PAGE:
A crowd including California governor Frederick Low and Nevada governor Henry Blasdel gathered in front of Congress Hall on Bush Street to hear Twain’s talk. He intended to add final remarks summing up San Francisco, what it had been and would be. He would speak of its destiny. Now there were 20 blocks, 1,500 new homes and offices, fireproof buildings.
As he waited for the lecture to begin, Tom Sawyer wriggled in his seat next to Mary Bridget, his mind occupied by the $183 he owed in delinquent property taxes. At 8 p.m. the gaslights dimmed. Twain stepped to the podium. Solemn-faced, he shuffled a stack of ragged pages, dropping them in feigned confusion until he had the crowd laughing. “And whenever a joke did fall,” he recalled in Roughing It in 1872, “and their faces did split from ear to ear, Sawyer, whose hearty countenance was seen looming redly in the center of the second row, took it up, and the house was carried handsomely. The explosion that followed was the triumph of the evening. I thought that honest man Sawyer would choke himself.”
He seemed to be speaking directly to Sawyer when he said that the time was drawing near when prosperity lay upon the land. “I am bidding the old city and my old friends a kind, but not a sad farewell, for I know that when I see this home again, the changes that will have been wrought upon it will suggest no sentiment of sadness; its estate will be brighter, happier and prouder a hundred fold than it is this day. This is its destiny!”
Twain, who had just turned 31, was taking his leave of San Francisco. Sawyer pumped his hand and hugged him goodbye. They would never meet again.
Twain departed aboard the steamer America on December 15, leaving behind more friends than any newspaperman who had ever sailed out of the Golden Gate.
THE AUTHOR TELLS A STRETCHER—
HELMETS, BADGES AND BUGLES—
SAWYERS NAME IMMORTALIZED
Sawyer presided over his saloon, and for 21 years, until 1884, held his civil-service job with the San Francisco Customs House. He also continued to serve as a part-time firefighter for many years, after volunteer units were disbanded and a paid fire department was created in 1866. In 1869, Sawyer had been seriously injured in the line of duty when an engine and hose cart overturned. Two fire horses excited by the frenzied clanging of the fire bell had snapped a harness as they dashed from the station. He convalesced at home with Mary Bridget and their three boys—Joseph, Thomas Jr., and William—and soon returned to battling blazes. Only around 1896, after turning 65, did he retire from the force.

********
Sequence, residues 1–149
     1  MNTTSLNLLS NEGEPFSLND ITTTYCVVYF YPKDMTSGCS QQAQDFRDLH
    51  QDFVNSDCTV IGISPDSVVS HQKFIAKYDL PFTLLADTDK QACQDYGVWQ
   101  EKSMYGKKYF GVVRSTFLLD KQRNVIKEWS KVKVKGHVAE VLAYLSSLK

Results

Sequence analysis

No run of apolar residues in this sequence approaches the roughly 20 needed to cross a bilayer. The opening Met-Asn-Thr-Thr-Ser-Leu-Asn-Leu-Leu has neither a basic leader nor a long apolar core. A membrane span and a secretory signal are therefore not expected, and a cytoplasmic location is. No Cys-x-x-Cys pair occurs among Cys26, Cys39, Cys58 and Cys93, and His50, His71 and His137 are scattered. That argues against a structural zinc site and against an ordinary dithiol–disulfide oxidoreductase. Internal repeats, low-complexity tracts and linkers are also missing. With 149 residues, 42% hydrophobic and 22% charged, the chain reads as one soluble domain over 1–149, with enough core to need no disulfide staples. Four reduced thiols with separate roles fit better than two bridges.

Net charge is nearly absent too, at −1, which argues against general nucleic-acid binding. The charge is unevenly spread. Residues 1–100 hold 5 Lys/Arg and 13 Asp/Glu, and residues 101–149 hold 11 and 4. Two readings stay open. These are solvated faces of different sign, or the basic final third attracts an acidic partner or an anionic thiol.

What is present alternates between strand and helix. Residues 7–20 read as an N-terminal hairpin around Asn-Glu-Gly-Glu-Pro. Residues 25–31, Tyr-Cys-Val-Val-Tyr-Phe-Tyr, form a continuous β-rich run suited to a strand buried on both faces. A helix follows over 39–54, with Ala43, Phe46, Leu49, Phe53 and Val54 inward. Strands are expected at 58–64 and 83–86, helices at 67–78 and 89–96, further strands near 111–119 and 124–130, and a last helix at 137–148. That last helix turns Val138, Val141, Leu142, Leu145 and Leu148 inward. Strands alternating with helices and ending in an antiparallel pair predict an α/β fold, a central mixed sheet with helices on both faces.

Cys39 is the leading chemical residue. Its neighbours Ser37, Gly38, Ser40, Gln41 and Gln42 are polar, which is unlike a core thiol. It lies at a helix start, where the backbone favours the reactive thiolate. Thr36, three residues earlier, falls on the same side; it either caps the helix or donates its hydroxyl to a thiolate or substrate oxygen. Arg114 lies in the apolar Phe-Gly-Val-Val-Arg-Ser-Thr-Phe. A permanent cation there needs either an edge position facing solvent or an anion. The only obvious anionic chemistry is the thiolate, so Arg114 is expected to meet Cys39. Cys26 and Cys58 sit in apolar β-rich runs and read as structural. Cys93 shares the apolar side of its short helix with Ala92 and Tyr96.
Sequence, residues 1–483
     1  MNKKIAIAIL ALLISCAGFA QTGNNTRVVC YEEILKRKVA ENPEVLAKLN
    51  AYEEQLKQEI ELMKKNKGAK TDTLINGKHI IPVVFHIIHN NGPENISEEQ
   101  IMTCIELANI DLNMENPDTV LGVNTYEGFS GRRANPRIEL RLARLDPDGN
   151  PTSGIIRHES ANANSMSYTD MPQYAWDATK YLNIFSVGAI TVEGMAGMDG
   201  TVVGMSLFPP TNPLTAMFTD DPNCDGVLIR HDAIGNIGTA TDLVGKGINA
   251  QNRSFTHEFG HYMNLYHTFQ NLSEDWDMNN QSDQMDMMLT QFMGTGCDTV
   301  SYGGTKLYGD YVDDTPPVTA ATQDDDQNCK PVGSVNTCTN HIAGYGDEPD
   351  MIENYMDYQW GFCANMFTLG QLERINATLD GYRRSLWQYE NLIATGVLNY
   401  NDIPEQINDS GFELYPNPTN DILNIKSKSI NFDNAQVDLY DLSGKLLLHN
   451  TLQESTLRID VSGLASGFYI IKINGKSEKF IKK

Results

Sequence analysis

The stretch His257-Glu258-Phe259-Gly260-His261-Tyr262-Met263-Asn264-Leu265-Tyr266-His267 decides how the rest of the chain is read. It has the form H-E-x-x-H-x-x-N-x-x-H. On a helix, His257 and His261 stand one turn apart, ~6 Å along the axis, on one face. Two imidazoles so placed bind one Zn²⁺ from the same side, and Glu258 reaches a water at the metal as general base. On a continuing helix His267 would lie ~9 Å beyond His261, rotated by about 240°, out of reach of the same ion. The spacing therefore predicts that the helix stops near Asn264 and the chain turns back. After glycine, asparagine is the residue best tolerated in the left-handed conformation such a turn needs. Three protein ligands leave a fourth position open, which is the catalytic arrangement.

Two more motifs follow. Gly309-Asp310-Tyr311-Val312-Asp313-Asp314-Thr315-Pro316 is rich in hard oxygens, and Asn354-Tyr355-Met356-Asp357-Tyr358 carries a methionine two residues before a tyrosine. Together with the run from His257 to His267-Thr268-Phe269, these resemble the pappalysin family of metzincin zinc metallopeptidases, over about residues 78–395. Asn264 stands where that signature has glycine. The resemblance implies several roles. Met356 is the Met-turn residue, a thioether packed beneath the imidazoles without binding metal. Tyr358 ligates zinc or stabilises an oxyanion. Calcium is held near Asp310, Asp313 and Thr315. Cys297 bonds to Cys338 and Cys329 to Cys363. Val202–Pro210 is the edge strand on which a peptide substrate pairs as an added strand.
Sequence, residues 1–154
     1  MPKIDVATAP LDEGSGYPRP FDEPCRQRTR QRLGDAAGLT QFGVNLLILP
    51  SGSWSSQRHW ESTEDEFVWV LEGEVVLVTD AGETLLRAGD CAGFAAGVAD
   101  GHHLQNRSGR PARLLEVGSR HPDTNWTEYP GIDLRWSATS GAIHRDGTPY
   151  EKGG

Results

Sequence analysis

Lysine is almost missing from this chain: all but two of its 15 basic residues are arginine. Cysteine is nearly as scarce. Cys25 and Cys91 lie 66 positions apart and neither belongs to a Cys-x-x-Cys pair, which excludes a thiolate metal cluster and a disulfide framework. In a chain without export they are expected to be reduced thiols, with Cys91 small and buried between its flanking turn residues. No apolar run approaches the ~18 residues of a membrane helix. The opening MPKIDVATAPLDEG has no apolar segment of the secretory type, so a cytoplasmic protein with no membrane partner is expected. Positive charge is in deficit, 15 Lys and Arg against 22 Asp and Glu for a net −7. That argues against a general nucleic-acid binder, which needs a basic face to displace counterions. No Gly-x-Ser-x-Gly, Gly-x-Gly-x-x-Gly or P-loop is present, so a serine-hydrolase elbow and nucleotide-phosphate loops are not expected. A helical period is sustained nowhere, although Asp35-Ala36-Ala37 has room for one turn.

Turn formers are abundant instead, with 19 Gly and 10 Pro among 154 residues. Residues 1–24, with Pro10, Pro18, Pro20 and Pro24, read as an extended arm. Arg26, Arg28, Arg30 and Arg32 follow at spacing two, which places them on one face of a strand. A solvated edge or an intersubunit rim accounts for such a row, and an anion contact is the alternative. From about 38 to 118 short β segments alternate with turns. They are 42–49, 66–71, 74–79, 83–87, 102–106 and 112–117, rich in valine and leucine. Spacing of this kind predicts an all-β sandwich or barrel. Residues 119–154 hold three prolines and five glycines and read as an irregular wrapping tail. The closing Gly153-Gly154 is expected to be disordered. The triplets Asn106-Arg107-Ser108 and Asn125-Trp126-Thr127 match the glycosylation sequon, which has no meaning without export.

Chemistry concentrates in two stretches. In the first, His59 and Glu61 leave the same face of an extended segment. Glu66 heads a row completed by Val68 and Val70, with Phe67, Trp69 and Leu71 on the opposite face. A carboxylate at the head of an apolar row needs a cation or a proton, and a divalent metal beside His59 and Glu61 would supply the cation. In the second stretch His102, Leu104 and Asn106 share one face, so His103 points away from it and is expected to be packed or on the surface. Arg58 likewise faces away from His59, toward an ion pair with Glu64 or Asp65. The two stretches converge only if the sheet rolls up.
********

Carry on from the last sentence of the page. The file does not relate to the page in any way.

In 1876, Twain published The Adventures of Tom Sawyer. Thirty-seven when he began writing it, he completed 100 pages in 1873, but composed the rest in 1874 and 1875, when a friend, the author and Atlantic Monthly editor William Dean Howells, read a draft. For the character of Sawyer, Twain would say only that he had drawn upon three boys. In 1923, Albert Bigelow Paine, who had published Twain’s approved biography in 1912, named them as John B. Briggs (who died in 1907), William Bowen (who died in 1893) and Twain. In a note to a young girl in 1907, Twain himself wrote, “I have always concealed it, but now I am compelled to confess that I am Tom Sawyer!” He also contradicted Roughing It, writing that “‘Sawyer’ was not the real name...of any person I ever knew, so far as I can remember….”
The great appropriator liked to pretend his characters sprang fully grown from his fertile mind. Yet the fireman had no doubts that he was the inspiration for the name of Tom Sawyer.
Viola Rodgers, a reporter at Twain’s old paper, the Call, interviewed Tom Sawyer on October 23, 1898. She was intrigued by what Twain had written in a postscript to the book: “Most of the characters that perform in this book still live and are prosperous and happy. Some day it may seem worthwhile to take up the story of the younger ones again and see what sort of men and women they turned out to be; therefore it will be wisest not to reveal any of that part of their lives at present.”